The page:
Tuesday’s Democratic primaries are over.
The three petition school board candidates won, beating the slate nominated by the Democratic Town Committee. That’s the same slate that embraced the education reforms being pursued by Mayor Bill Finch and Superintendent of Schools Paul Vallas.
So what does that mean for Vallas?
A celebrity in the world of school reform, Vallas was hired in December 2011 and granted a conditional three-year contract last winter by a divided Board of Education dominated by Finch’s crew. Then a Superior Court judge ruled that Vallas was not qualified for the position, and the matter is now in the hands of the state Supreme Court.
If the Supremes uphold the lower court’s ruling, Vallas is gone. But what if he wins?
As we’ve reported, while there remains a general election in November, Tuesday’s results all but guaranteed that those school board members loyal to Vallas will be in the minority.
Bridgeport’s a Democratic city. There are four Democratic incumbents on the nine-person board who are not on November’s ballot, and one of those is backed by the anti-Vallas Working Families Party. So add him to Tuesday’s slate of winning anti-Vallas Democrats, and that gives their side the 4 to 3 advantage on the Board of Education.
That leaves two open seats in the general election that can only go to a minority party – either the Working Families or a more pro-Vallas GOP.
Despite their differences with Finch, the Working Families Party has far more in common with Democrats than with Republicans, who are not known for winning elections in blue Bridgeport.
And according to Vallas’ three-year contract, either party can walk away, although the city would owe the departing superintendent a year’s severance.
Finch, Vallas and their allies knew this heading into Tuesday, which is why a victory was so important for them.
“I strongly support the Democratically- endorsed slate,” the mayor said a few weeks ago. “The other people have shown tendencies to be anti- reform. And I think we’re going in the right direction. I want to keep that direction. I want to keep Paul Vallas.”
So now that his side lost, what happens to Vallas?
An anti-Vallas board could potentially boot him as soon as they got the chance. But would they really want to do so in the middle of the 2013-14 school year? They’d need someone to fill his shoes while conducting a search for a replacement.
Alternatively Finch could appeal to the board to give Vallas a chance and perhaps reach a compromise.
Vallas could also leave.
“He’s gonna stay as long as I can keep him here,” Finch said following a community meeting in the North End Thursday night.
Vallas’ future didn’t come up during the event, and Finch didn’t broach it with the crowd of 50 or so residents.
In a brief interview the mayor said he has reached out to the winners of Tuesday’s primary and hopes to meet with them soon.
“It’s a great opportunity for us to rethink things, recalibrate and keep moving,” the mayor said.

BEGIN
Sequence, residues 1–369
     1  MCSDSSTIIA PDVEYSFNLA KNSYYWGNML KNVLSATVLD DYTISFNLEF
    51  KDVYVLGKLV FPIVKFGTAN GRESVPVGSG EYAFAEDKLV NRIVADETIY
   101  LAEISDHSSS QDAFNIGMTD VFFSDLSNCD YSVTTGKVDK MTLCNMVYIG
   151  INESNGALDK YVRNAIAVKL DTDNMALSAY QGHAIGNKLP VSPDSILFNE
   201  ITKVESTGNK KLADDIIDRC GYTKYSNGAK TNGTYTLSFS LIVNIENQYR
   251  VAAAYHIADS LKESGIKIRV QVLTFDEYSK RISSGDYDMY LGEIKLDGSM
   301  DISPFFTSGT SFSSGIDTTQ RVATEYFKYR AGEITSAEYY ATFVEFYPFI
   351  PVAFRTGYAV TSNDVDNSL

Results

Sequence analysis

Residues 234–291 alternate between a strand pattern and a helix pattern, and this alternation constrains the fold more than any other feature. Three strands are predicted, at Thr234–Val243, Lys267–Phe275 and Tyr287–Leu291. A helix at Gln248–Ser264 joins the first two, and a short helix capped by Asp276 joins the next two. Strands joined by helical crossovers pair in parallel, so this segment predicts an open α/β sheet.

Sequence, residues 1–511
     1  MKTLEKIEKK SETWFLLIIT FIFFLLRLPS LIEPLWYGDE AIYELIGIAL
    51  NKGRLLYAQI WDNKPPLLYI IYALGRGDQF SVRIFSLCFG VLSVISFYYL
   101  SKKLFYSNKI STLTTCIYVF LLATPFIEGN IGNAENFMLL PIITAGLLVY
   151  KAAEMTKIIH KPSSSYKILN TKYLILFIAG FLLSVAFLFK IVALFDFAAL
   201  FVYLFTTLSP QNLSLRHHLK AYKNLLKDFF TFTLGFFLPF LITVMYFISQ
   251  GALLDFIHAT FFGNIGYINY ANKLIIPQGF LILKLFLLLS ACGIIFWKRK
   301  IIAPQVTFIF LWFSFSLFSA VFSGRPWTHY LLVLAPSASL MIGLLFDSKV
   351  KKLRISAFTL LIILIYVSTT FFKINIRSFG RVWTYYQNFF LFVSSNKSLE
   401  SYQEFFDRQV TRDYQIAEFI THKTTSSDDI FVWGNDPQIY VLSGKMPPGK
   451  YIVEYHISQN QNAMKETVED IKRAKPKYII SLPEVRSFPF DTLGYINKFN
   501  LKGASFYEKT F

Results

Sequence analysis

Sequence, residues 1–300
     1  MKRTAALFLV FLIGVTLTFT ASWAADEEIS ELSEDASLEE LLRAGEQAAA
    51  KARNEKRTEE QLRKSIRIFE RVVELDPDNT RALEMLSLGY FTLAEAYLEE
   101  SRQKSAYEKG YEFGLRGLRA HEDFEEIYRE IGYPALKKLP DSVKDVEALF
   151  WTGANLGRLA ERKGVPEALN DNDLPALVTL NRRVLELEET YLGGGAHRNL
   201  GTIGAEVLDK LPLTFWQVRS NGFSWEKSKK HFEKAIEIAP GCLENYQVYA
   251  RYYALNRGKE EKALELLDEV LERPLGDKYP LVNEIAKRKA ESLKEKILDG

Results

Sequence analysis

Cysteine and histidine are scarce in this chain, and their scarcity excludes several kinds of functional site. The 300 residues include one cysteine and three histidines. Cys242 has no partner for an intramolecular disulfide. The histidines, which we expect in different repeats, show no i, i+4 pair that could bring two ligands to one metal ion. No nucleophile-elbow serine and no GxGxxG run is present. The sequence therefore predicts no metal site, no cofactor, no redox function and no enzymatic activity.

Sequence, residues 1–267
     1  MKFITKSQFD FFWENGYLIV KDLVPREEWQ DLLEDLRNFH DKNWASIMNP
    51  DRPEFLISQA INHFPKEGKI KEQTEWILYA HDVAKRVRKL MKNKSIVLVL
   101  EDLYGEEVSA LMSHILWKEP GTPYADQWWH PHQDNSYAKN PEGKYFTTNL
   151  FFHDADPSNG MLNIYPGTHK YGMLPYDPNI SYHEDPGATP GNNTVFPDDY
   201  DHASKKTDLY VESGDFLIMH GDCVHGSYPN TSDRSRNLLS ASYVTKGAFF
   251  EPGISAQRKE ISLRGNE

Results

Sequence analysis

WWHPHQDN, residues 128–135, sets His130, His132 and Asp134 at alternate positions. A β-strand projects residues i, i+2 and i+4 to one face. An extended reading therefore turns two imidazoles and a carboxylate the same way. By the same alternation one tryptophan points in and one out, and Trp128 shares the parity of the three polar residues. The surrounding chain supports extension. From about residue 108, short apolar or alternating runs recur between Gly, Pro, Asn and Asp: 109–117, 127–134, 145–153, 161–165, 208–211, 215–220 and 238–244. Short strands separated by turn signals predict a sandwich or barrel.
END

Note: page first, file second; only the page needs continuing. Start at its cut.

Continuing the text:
Finch’s liaison with the schools, Joshua Thompson, also attended Thursday’s North End meeting, quietly standing in the back with some of the mayor’s other staff. While walking out Thompson said he wasn’t ready to talk about Vallas in the wake of Tuesday’s primaries but understood it is an important question that needs to be answered soon. He said either he or the superintendent may be prepared to make some comments Friday.
In an interview Thursday Democrat Andre Baker, one of the three winning petition school board candidates, said it was too soon to talk about canning Vallas since the Supreme Court still has to rule on the super’s qualifications. And anyway, Baker said, he’s got a general election to win in November.
“My main focus right now is to get on the board. It’s not so much to deal with Paul Vallas. I think it goes beyond that. Whether you’re Paul Vallas or somebody else, unless the board is able to come together and be able to work together, it doesn’t matter who’s superintendent, you’re never going to get anywhere.”
But Baker finally conceded that he was open to trying to work with Vallas.
“I’ll put it to you like this – I can try to work with anybody,” Baker said.
Maria Pereira, a Democrat on the Board of Education who is not seeking re-election to run Bridgeport’s Working Families party, said she has not had any conversations about what happens to Vallas.
“You have to understand. We’re not taking this (November general election) for granted … We’re not going to take the voter for granted. We’re going to work really hard for November,” Pereira said. Although both sides have denied it, she still suspects the Democratic Town Committee will broker a deal with the Republicans to help the latter’s candidates try to beat Working Families’.
“But I will tell you this. Me, personally, I think whatever the ruling is from the Supreme Court, that Vallas will in all likelihood either leave on his own or he will be terminated. That is my guess, although I’ve never had a formal conversation with any of the candidates,” Pereira said.